Mon | Nov 12, 2018

Shocker! - Star witness in death squad trial gave police different account of shooting

Published:Wednesday | February 15, 2017 | 12:00 AMLivern Barrett
Witness recounted his ordeal in tears.

The Clarendon man who is the main prosecution witness in the so-called police death squad trial admitted yesterday that he gave investigators a different account of the circumstances under which he was shot and injured.

The admission came in the Home Circuit Court after the man was confronted by defence attorneys with a witness statement he signed one day after he claimed he was shot and injured by police Constable Collis Brown.

Brown, also known as 'Chucky', and Constable Roan Morrison are on trial for murder and shooting with intent.

They were charged by the Independent Commission of Investigations arising from an incident in May Pen, Clarendon, on February 13, 2010, in which Phaebian Dinnal was shot and killed and another man suffered gunshot wounds.

On Monday, the witness testified that he was walking along Windsor Avenue when a silver Toyota Probox motor car stopped beside him.

He said Brown, who was seated at the back, called out his name and ordered him, several times, to kneel on the ground. The man said when he refused to comply, Brown pointed an M-16 rifle and shot him at close range.

The witness testified that he fell to the ground near the wheel of the car with a gunshot wound.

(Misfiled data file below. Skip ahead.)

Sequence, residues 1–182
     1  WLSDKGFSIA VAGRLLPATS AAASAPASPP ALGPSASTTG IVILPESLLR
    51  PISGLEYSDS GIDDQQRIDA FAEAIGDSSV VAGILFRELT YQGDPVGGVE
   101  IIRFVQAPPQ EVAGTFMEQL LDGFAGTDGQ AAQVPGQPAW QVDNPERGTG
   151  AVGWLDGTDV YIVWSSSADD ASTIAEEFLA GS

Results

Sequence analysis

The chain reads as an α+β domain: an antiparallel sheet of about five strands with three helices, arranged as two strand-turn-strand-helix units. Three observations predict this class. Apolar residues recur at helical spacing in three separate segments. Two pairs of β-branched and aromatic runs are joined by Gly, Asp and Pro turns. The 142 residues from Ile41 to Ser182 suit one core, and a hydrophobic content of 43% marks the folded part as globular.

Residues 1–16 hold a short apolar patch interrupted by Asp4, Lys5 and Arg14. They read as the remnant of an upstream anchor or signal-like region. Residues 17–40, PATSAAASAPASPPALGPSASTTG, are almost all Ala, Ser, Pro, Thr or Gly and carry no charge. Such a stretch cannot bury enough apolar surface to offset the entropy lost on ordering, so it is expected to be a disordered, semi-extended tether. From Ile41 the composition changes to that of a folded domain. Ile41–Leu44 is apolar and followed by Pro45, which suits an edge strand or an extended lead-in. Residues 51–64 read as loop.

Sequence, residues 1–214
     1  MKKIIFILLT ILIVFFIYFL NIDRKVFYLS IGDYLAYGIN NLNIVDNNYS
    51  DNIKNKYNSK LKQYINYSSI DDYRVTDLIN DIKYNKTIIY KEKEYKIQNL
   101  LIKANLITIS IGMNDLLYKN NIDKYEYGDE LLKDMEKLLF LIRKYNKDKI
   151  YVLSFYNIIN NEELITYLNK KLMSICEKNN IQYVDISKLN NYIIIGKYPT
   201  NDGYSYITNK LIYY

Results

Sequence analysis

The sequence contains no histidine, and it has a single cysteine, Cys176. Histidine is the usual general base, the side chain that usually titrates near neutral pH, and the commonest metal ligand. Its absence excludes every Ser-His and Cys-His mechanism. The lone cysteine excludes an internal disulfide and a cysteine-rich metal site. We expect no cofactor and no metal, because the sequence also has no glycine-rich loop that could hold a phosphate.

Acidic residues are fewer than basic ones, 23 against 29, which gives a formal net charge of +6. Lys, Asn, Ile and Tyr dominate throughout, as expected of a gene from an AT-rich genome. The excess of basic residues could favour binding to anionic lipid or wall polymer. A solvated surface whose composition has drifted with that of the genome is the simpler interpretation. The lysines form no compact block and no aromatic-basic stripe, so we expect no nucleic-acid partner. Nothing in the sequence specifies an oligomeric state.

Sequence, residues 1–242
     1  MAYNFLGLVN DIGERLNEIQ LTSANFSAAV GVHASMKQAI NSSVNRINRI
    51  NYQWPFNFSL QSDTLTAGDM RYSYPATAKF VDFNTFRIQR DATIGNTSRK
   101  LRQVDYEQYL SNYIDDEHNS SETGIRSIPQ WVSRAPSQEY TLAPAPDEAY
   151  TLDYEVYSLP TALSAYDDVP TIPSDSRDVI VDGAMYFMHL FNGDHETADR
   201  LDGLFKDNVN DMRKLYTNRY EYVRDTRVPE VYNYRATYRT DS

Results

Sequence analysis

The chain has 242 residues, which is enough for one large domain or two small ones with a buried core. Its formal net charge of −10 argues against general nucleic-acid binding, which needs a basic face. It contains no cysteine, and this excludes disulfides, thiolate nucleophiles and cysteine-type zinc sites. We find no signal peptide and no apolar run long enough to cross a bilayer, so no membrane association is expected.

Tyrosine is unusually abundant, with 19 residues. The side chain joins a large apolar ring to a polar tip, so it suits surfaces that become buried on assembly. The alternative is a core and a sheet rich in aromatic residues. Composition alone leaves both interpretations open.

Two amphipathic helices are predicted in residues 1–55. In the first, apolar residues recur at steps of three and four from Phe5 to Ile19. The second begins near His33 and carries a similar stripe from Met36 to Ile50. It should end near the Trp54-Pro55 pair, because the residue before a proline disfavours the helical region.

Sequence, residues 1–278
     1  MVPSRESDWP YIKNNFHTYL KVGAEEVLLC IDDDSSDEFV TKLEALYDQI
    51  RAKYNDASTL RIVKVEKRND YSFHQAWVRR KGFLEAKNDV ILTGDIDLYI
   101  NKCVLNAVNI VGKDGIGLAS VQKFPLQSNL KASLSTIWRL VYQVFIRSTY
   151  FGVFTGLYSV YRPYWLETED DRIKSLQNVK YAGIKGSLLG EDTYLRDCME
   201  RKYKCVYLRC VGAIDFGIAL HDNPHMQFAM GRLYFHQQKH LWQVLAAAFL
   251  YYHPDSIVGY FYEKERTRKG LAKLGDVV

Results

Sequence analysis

However, Brown's lead attorney Norman Godfrey challenged that account during cross-examination with a witness statement the man gave detectives on February 14, 2010.

In the statement, excerpts of which were read out in court by Godfrey, the man told investigators that "as soon as the Probox reach some four feet from me, somebody behind the driver point a M-16 pan mi and start firing ... . Mi drop a grung (ground) right by the gate a one garage weh three old man stand up."

"Was that the truth?" Godfrey questioned.

"When dem [detectives] come fi tek the statement, I was in handcuff, under drip, with something in my nose and under a lot of pain and dem seh mi mus' tell them what mi remember," the man replied.

"Was that the truth?" Godfrey pressed.

"Yes," said the witness, whose name is being withheld.

He said he did not read over the statement, but acknowledged that he signed it.

He is to face further cross-examination today.